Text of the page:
In Force India Formula One Team Ltd v 1 Malaysia Racing Team SDN BHD and others [2012] EWHC 616 (Ch), the High Court of England and Wales ruled on claims for contractual and equitable breach of confidence and copyright infringement brought by one Formula One (F1) race team operator against another. The judgment deals with quantum as well as liability.

BACKGROUND

The case involved a claim for contractual and equitable breach of confidence and copyright infringement arising from the use of computer-aided design (CAD) files for a wind tunnel, a structure used to test the aerodynamic efficiency of designs for F1 racing cars. Force India had entered into an F1 cardevelopment agreement with two of the Defendants, which are companies that specialise in the aerodynamic design of such cars. Under the agreement, the Defendants created confidential CAD files. After termination of the agreement, the Defendants immediately started work for a rival team and used Force India’s CAD files as a starting point for formulating the rival design.

BREACH OF CONFIDENCE

Arnold J held that the two defendant companies operating the rival team had infringed Force India’s copyright by downloading electronic copies of the new designs, which incorporated a substantial part of Force India’s designs. The initial copying by the design company was done in Italy and therefore outside the Court’s jurisdiction.

The judge also found that employees of the two defendant companies had misused the confidential CAD files only by using them as a shortcut as they had not reproduced the information in their new designs.

QUANTUM

It was common ground that the Defendants had not made a profit from the use of the Force India CAD files.

Where a claimant is unable to prove orthodox financial loss as a result of the breach of a contractual term restricting the defendants’ activities, a different type of damages can be awarded, known as Wrotham Park damages, gain-based damages or negotiating damages. These damages are assessed on the basis of an amount the claimant could have demanded as the price for agreeing to relax the contractual restriction in question. When assessing such damages, one should consider what price the parties would have arrived at through negotiation, bearing in mind their respective bargaining positions, the information available to them and the commercial context at the time of the notional negotiation.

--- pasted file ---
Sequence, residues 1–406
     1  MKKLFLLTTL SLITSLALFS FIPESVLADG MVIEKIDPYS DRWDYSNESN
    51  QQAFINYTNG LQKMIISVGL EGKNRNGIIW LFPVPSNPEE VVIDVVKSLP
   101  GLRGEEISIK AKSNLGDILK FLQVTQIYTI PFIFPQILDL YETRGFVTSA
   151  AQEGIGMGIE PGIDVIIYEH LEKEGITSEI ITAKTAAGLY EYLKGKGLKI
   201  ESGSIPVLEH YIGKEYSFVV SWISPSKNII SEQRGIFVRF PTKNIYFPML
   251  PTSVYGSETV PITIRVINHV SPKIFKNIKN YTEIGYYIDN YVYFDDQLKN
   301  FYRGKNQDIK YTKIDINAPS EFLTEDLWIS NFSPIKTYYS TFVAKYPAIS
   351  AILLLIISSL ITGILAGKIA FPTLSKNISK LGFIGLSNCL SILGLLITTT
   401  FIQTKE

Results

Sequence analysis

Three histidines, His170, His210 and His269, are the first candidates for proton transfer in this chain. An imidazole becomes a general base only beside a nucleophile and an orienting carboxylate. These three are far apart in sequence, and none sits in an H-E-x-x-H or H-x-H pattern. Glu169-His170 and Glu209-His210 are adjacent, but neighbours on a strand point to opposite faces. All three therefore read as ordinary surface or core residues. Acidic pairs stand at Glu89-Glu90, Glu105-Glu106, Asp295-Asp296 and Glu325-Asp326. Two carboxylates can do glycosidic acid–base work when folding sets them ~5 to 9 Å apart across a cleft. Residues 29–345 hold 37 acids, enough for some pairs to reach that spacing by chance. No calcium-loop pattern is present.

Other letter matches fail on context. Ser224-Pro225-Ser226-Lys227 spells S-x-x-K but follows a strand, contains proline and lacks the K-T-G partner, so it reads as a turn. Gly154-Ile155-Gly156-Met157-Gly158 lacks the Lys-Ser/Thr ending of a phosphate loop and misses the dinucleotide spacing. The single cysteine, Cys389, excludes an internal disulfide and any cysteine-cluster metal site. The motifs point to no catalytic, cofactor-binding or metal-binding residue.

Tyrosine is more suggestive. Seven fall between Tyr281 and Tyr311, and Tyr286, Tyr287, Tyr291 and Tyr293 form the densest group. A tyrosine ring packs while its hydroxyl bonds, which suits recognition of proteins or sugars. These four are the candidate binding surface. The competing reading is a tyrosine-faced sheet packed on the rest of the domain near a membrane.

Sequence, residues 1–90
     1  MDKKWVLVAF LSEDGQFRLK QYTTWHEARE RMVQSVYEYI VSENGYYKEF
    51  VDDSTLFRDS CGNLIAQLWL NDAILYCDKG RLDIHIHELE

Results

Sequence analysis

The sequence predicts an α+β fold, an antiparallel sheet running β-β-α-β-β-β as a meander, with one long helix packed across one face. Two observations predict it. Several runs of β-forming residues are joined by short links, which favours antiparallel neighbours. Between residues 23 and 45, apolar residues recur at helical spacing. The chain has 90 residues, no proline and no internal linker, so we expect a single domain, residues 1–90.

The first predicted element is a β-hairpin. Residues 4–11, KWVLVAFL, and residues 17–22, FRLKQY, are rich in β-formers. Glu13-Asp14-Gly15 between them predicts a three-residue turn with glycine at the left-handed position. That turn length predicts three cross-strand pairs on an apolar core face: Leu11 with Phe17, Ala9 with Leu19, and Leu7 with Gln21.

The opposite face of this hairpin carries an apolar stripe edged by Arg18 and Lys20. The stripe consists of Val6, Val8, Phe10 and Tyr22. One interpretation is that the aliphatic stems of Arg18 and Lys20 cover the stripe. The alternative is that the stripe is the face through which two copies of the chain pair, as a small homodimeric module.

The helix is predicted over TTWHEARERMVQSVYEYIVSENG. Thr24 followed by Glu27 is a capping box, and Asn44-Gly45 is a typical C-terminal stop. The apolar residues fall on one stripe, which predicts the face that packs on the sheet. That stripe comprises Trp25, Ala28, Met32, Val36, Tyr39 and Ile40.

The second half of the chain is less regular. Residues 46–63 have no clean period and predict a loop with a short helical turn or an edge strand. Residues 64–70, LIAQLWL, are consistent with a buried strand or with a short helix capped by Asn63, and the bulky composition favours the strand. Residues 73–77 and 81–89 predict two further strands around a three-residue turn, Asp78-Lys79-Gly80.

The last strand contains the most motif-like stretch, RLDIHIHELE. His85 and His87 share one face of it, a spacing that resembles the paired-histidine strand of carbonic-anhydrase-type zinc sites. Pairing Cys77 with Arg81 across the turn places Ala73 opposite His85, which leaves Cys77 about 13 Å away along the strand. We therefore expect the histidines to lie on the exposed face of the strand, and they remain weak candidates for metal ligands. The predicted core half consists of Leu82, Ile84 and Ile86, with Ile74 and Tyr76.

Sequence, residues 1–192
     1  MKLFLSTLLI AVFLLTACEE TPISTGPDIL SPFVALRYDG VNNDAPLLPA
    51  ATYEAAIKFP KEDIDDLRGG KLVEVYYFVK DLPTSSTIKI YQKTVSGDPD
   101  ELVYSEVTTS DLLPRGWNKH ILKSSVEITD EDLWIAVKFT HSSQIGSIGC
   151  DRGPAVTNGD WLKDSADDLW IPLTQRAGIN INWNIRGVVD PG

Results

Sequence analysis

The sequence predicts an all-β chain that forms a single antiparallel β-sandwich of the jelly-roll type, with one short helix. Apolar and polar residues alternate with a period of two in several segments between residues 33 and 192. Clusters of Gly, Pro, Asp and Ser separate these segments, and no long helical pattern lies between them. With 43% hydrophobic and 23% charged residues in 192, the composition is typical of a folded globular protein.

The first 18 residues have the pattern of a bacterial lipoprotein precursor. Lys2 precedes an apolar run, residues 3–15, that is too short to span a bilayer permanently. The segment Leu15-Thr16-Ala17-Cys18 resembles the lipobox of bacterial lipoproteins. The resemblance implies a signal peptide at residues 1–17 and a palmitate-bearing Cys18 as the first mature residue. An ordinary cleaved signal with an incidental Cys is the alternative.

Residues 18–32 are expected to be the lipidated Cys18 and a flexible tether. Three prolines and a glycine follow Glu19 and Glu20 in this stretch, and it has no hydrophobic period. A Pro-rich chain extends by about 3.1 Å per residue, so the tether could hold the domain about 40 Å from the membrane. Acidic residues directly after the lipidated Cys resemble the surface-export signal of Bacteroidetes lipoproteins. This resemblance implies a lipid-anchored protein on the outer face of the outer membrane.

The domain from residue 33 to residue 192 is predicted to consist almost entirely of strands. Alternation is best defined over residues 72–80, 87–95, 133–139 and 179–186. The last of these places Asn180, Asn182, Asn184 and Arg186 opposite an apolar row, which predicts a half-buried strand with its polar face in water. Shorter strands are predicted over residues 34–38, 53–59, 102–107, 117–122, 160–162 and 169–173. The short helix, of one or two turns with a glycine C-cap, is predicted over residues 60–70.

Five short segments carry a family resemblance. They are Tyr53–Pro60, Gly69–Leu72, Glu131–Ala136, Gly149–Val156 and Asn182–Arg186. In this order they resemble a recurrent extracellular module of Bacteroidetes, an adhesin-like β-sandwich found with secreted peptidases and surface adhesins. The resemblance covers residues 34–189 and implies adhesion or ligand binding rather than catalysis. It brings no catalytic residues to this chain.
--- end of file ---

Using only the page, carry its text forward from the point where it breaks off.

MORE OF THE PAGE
Arnold J considered that a reasonable licence fee for use of Force India’s CAD files agreed between a willing licensor and a willing licensee would have been €25,000. This sum was towards the top end of the range calculated by experts, as the judge found that a premium would be negotiated to reflect the fact that Force India would not want to assist a potential new competitor.

COMMENT

The judgment provides a useful summary of the law on compensation for breach of confidence. It is also a reminder that the outcome of proceedings for breach of confidence can be difficult to predict as it always turns on the facts. It additionally acts as a reminder that when pleading a case for breach of confidence, it is vital to particularise the information alleged to be confidential as precisely and detailed as possible.